Crinoids: our favorite echinoderms!

Crinoids are sessile, filter-feeding benthic echinoderms restricted to marine environments.  They are the sister group to the other echinoderms, which include sea cucumbers, sea stars, and sea urchins.  Here is our current understanding of echinoderm evolution:

Echinoderm Tree

Drawn based on Baumiller, T.K., 2008, Crinoid ecological morphology. Annual Reviews of Earth & Planetary Sciences, 36:221-249. Dashed lines show the uncertainty concerning the evolutionary placement of brittlestars.

There are many scientists working to untangle the evolutionary relationships between echinoderms, a great place to follow the progress is the website created by the Echinoderm Tree of Life Project (EchinoTol) (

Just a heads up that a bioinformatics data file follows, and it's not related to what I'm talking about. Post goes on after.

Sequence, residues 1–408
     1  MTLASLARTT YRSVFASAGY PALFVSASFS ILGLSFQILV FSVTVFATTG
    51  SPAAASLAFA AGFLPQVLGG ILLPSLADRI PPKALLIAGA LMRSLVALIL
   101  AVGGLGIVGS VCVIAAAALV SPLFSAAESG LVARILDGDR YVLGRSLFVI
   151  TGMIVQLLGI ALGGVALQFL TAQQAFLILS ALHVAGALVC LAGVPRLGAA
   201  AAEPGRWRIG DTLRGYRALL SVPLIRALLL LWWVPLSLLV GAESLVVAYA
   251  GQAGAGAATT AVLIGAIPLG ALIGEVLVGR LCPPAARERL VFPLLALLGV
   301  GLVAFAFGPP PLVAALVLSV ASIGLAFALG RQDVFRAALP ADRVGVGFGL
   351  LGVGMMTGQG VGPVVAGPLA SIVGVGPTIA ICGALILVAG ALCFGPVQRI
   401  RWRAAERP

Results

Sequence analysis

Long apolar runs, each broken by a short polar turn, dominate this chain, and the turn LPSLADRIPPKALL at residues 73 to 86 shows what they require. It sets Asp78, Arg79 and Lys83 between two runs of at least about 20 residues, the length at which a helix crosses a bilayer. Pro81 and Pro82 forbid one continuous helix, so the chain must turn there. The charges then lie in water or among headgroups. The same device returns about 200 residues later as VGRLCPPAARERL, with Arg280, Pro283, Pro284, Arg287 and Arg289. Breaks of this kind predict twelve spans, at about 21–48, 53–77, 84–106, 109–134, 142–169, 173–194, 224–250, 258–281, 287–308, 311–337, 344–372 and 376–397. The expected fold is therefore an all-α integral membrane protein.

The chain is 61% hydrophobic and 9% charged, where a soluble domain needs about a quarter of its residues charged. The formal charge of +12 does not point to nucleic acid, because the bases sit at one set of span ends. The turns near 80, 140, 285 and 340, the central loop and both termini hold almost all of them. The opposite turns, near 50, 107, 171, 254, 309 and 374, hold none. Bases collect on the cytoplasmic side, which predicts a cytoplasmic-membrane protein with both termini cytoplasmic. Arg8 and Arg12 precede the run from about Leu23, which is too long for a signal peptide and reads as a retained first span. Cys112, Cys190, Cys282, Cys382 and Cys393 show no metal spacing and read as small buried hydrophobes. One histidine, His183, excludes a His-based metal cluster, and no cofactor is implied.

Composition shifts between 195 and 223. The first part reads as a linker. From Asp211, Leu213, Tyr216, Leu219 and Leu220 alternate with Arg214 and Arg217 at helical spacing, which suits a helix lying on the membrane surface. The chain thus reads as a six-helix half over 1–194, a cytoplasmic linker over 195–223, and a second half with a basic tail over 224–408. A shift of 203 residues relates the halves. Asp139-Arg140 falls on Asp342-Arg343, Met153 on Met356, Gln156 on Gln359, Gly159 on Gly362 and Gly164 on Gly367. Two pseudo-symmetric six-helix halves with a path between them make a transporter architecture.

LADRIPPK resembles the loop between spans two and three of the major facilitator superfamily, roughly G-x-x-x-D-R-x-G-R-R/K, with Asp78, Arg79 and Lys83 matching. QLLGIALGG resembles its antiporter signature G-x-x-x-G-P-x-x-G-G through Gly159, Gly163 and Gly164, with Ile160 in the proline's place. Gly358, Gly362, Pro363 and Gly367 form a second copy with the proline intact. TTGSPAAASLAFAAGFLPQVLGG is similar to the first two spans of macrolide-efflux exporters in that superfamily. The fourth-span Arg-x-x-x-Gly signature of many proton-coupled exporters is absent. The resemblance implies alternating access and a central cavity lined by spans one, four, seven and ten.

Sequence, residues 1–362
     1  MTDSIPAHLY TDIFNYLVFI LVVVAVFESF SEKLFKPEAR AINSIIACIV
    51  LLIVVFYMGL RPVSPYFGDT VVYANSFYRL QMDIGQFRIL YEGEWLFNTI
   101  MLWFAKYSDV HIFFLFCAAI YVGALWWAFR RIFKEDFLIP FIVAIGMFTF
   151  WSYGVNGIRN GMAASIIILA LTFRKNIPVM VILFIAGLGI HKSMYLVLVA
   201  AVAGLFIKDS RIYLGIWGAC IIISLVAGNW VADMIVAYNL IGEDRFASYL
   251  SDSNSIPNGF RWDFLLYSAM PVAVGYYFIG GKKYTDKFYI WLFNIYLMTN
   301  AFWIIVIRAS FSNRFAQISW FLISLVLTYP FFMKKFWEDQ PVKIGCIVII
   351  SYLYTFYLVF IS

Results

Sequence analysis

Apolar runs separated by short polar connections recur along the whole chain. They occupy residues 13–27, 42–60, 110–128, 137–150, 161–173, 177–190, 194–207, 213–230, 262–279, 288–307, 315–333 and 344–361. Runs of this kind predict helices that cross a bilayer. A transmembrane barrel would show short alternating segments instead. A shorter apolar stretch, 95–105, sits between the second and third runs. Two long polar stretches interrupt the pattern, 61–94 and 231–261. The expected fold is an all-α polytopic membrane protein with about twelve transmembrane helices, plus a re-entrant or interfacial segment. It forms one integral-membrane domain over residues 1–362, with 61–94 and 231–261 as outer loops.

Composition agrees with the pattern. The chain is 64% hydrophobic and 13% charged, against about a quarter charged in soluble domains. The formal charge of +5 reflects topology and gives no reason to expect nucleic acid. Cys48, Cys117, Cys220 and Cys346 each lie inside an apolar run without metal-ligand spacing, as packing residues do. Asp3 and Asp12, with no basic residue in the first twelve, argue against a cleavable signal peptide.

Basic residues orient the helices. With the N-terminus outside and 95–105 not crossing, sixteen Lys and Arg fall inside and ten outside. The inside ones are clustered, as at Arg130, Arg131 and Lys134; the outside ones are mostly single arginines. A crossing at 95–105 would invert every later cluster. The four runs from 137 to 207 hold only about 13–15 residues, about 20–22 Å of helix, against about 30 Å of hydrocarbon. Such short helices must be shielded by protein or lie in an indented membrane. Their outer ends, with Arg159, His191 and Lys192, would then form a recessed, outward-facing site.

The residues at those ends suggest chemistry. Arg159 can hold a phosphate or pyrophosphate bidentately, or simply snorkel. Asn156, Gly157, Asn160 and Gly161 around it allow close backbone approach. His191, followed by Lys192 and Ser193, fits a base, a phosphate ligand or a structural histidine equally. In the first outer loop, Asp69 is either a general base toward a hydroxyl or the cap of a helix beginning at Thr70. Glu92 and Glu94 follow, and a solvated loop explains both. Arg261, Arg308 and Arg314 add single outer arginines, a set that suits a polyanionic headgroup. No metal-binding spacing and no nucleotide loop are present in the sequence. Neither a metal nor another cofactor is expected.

Modern crinoids are traditionally divided into those with and those without a stalk as adults.

Stalked crinoids (Sea lilies)
Stalked-06Stalked crinoids are currently restricted to depths greater than 100m.  There are approximately 100 described species.
Unstalked crinoids (Feather stars)
Oxycomanthus-07Featherstars begin their lives as stalked crinoids, then detach to become mobile juveniles and adults.  Many can crawl and some species are capable of swimming.  Featherstars represent the majority of modern day crinoid diversity and are found throughout the world’s oceans.  There are approximately 450 species described. 

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